Earlier this week, the California Assembly passed a bill that would force utilities in that state to get a third of their energy from renewable sources by 2020, setting one of the most aggressive standards in the world.
Gov. Jerry Brown is expected to sign the bill despite the fact that it give utilities just nine years to meet the standard.
How big a deal is it? asks the San Francisco Chronicle. “Well, according to Peter Miller, a senior scientist at NRDC, ‘As a result of the RPS program, renewable energy generation in California in 2020 will be roughly equal to total current U.S. renewable generation, and supply enough clean energy to power nearly 9 million homes’ or, according to the Union of Concerned Scientists, drive 3 million cars.”
The paper adds that “supporters say the aggressive standard could generate roughly 500,000 new green collar jobs in the next several decades,” though it adds no supporting data to back up the claim.
The Coyote Blog is incredulous:
This is an absolutely amazing case of wishful thinking. … The California legislature can legislate a unicorn in every garage but that does not mean it will happen by 2020.
Forgetting for a moment the absolutely horrible cost and/or reliability position of most ‘green’ energy technologies, there is no way, absolutely no way, that California can permit and construct a replacement for a third of its electric generation in nine years. And I shudder to even think how large of a broken window obsoleting and forcing replacement of a third of electrical generation capacity will be.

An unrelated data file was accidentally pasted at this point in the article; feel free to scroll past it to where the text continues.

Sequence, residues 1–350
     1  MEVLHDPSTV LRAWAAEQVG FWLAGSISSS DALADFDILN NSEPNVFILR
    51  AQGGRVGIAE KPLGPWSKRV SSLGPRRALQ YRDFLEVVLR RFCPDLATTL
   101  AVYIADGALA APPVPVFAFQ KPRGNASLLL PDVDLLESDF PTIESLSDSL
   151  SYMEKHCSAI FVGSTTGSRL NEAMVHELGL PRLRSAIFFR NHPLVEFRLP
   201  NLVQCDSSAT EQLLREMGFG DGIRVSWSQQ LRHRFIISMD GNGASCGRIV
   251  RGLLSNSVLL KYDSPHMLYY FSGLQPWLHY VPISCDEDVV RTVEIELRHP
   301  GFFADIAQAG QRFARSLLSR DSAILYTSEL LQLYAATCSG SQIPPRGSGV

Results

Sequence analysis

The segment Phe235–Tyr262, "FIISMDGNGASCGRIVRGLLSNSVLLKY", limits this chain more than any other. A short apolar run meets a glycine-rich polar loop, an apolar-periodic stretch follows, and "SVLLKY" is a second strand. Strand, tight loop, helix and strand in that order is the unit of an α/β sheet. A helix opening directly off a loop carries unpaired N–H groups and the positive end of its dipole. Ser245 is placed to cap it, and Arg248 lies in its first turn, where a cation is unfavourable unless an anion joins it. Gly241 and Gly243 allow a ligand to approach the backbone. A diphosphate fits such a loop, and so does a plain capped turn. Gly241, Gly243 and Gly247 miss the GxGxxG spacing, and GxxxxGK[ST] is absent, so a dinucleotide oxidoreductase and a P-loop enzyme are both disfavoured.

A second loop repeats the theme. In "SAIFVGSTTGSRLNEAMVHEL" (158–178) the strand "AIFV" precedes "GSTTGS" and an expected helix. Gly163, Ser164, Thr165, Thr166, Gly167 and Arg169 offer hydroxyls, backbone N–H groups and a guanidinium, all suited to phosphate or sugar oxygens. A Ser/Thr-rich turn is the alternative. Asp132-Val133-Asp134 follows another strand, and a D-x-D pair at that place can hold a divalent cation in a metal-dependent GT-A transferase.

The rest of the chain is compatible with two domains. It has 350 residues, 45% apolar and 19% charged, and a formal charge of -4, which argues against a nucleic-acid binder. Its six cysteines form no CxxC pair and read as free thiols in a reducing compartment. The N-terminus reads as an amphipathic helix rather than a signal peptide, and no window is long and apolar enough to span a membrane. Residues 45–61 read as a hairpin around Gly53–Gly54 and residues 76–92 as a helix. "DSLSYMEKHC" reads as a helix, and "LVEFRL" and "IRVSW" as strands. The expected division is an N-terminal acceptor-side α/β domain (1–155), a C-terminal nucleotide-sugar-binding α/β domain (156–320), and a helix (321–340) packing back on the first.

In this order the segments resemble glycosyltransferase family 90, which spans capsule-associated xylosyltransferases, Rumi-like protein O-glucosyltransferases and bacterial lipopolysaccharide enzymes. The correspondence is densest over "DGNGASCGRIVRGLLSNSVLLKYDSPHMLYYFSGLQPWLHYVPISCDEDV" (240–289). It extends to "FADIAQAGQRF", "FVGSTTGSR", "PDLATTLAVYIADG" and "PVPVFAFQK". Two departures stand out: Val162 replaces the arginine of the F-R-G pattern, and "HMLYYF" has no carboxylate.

Here’s something green advocates either don’t want to accept or simply choose to ignore: a single 555-megawatt gas-fired power plant in California generates more electricity per year than all 13,000 of the state’s wind turbines. And that gas-fired plant occupies just 15 acres.
There are tremendous expenses associated with forcing utilities to get energy from renewable sources, including the development of massive amounts of land for such things as wind turbines, solar farms and other alternative energy sources.
Pursuing the green dream presents opportunities for wonderful platitudes, but don’t think it doesn’t come without some very real costs, as well.
(HT: Coyote Blog)